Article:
Friday, September 29, 2017

BEYOND WORDS – A Dialog of the Spirit

I’ve been visiting Harold (not the man's real name) as a hospice volunteer for three months now. His diagnosis is Alzheimer’s disease, and the reason he’s in hospice is that it’s quite advanced.

When I first met him, Harold could talk. That is, he had enough breath to make sounds, and he could move his lips. He’d even punctuate his comments with hand gestures and the occasional little chuckle. But very little of it came across clearly enough for me to understand.

As for my end of the conversation, I’d tell him what kind of a day it was outside, report on how the Minnesota Twins were doing, or maybe recount one of my experiences I thought might resonate with one of his. Occasionally, when he was tracking, he’d respond to something I said quite clearly, “Oh, is that right?” That was nice to hear.

I did my best. Most often that meant simply maintaining eye contact with him as
he spoke, trying to keep that faintly-received channel open. Since I didn’t want to pretend to understand when I didn’t, all I could do was nod so he’d know I was, if not understanding, at least hearing him.

Once in a while I’d make out a word or two. If I heard “brother,” I’d respond, “Oh, your brother. Uh-huh” or “I’ll bet you and your brother were quite a pair.” Anything to preserve a crack in that shell of isolation the poor man must inhabit.

      I remember vividly why I originally signed 
      up for hospice work...I knew it had little to 
      do with words.

Harold still likes to talk, but now, at this week’s visit, he’s clearly faded…a lot. He’s gazing up at me with what appears to be the intent of speaking, but I have to look hard to detect the subtle movement of his lips. I hear wisps of air coming out of his mouth, but he can no longer make a sound.

I’m so sad for him; I know he’d once been a pretty gregarious fellow. He still had the will, but not the way. I also feel an arresting sense of gratitude. Yes, of course, simply for not being Harold, but also for the opportunity– the privilege—of being with this good man at such a vulnerable point in his life.

I’m a writer; my stock in trade is communicating with words. So this is unfamiliar territory for me. Yet I remember vividly why I originally signed up for hospice work. I felt I had something spiritual to offer. I wasn’t quite sure how to describe it, but I knew it had little to do with words.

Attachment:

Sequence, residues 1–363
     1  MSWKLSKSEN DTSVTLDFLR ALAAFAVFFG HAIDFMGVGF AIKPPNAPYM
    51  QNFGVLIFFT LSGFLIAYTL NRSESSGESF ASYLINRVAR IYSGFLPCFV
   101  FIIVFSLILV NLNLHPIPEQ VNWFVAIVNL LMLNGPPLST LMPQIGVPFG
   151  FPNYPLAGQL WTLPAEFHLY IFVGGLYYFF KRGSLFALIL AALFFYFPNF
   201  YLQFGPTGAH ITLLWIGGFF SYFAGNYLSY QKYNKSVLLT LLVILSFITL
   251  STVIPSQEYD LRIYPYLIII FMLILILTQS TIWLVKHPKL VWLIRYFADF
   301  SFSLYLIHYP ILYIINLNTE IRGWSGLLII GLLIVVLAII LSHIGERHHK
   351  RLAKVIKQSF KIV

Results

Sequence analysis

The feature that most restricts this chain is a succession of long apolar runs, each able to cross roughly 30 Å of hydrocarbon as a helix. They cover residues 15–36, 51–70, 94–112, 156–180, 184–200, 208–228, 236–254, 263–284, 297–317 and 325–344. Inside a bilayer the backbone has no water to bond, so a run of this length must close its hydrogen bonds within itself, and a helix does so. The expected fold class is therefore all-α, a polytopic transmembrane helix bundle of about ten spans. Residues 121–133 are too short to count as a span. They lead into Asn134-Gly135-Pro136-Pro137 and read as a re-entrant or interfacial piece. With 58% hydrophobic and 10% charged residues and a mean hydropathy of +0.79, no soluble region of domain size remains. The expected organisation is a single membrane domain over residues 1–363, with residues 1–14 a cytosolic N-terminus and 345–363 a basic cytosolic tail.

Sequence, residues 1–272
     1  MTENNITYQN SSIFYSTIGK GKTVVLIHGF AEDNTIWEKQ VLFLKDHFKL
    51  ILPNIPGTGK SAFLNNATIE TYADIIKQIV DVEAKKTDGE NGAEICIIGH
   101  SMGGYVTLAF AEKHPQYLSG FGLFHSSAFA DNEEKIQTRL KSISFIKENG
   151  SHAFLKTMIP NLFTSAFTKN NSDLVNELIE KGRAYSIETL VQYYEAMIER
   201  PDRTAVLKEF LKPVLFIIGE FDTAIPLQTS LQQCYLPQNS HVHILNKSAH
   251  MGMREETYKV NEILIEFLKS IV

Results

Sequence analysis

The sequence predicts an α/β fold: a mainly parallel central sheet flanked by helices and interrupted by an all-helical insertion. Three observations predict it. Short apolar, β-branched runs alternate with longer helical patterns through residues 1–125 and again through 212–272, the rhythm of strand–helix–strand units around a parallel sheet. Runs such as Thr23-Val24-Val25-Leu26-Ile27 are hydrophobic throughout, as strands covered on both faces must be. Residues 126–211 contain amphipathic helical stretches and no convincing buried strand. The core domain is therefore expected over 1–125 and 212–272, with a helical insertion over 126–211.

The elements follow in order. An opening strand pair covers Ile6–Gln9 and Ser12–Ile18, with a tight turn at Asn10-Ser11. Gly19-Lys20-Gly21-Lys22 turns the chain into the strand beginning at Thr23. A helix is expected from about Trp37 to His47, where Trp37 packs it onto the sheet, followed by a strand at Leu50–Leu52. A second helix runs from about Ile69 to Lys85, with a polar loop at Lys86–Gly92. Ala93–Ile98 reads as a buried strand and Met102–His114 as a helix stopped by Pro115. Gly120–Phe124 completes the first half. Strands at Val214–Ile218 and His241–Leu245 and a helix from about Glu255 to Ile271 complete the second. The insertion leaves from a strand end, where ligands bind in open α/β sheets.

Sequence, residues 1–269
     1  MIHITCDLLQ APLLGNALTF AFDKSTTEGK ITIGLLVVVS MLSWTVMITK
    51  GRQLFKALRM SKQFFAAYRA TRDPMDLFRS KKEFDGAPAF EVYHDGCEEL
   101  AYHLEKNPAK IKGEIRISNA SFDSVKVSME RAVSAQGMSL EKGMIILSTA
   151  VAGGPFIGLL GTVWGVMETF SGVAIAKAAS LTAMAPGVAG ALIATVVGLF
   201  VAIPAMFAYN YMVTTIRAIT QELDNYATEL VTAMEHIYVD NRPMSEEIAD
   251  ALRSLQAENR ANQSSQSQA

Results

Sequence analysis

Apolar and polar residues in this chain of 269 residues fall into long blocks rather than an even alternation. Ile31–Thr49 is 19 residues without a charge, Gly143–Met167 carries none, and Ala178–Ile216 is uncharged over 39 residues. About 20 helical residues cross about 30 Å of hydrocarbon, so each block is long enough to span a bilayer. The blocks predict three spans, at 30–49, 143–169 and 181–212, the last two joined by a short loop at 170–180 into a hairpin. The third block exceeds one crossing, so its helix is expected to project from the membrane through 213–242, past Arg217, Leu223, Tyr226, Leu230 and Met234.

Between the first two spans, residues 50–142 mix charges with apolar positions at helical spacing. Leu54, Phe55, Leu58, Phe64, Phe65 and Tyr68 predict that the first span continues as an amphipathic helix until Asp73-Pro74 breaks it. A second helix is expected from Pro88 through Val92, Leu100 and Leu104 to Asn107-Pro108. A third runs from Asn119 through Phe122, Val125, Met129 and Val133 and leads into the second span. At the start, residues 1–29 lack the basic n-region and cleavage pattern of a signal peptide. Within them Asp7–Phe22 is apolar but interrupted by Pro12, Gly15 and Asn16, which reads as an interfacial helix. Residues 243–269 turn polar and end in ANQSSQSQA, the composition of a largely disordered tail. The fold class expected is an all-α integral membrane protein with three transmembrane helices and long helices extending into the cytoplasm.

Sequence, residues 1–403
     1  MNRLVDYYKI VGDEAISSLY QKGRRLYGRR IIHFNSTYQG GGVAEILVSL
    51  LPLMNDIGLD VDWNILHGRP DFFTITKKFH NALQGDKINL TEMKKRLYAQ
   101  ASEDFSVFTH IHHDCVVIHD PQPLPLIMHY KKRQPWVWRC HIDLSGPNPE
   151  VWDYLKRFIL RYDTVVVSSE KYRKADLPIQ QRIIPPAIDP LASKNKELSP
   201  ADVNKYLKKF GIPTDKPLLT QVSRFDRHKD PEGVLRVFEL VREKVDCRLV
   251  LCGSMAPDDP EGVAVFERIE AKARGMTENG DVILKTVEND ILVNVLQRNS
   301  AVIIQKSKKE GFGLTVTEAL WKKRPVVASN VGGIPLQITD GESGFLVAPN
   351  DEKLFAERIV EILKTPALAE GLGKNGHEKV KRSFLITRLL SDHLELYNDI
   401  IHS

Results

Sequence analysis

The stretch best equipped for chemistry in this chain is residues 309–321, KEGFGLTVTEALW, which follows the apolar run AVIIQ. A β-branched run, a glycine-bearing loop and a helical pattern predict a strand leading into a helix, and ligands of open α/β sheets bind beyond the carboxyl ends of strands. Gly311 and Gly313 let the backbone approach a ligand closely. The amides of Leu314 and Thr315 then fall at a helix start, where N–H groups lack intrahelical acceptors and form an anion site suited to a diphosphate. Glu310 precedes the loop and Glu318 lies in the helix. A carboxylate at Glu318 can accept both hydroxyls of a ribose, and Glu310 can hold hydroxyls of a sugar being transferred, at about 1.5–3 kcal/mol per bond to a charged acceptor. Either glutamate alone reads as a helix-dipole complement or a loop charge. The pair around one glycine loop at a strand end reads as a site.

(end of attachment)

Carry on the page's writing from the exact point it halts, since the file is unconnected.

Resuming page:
So I’m sitting here at Harold’s bedside, and he’s just looking up into my eyes. It’s a little unnerving, but I feel something—I’ll call it energy for lack of a better word—flowing between us. It feels good, and I can only hope Harold feels it too.

I take his gnarly hand and hope I can convey some kind of understanding that way. I don’t know how much he can grasp, but I acknowledge how awful it must be to have thoughts ambushed like that before he can get them out. “It’s okay,” I reassure him. “I’m hearing you.”

Our hour together comes to an end. I take his hand again and ask if it’s okay for me to come back next week. He just looks at me. As I walk away, I recall the moment, just the week before, when, after I’d strained the whole time to understand a word here and there, he somehow managed to say, as plain as day, “Thank you for coming.”

Today, he says nothing. But his eyes follow me through the door.


jean said...

Thank you for sharing this, Jeff. And thank you for being there for him!

Jeffrey Willius said...

Thanks, Jean. Do you know anyone affected by this terrible disease? I've heard from several people who have been. Hope your week is off to a good start.

jean said...

I was the sole caretaker for my precious dad when he had senile dementia so I understand just how terrible this problem is for everyone involved. Thank God for Hospice so I could spend the last 3 days of his life just being with him and letting others do the caretaking.

Gary Noren said...

Thanks for this, Jeff! Mom died at 86 from complications from Alzheimer's; I tried to be there regularly for her during her decline. Parmly's support groups were v. helpful to me, as were Hospice and Marty!

four friends and their friends said...

Hi Jeff,
As a writer myself, not only do I love words, but steadfastly relied on them for meaning. However, I'm learning that words sometimes get in the way of true understanding each other.
Thanks for sharing this lovely post.

Charlie said...

Very nice post, Jeff. You're a kind man


Jeffrey Willius said...

Thanks for the comment, Gary. Didn't know you'd gone through this with your mom. I'm sure you did the very best you could for her, and that, at some level, she was aware of you and your love.

Jeffrey Willius said...

Jennifer, I think you are right; I found that Harold sometimes couldn't handle even listening to too many words. I don't know if his efforts to speak actually entailed any conscious thought of words. I came to appreciate just the sound of his intent.

Jeffrey Willius said...

Many thanks, Charlie -- we try, don't we?

Phil said...

What a powerful dispatch from Harold's bedside and beyond, Jeff. Thank you. I myself have been at four such bedsides, and the silences have all been more or less deafening. How to reach him/her I would always be asking myself knowing the only words that might be spoken would be my own. But, as you say so aptly, "We try, don't we?" That's about all we can do: be there, try, and (oh, yes: THIS!) have faith. Thanks, again.

Jeffrey Willius said...

Many thanks for your thoughtful comments, Phil. Are you also a hospice volunteer up in Duluth, or have that many dear ones passed away with you there so intimately? INdeed, simple presence is mighty articulate.

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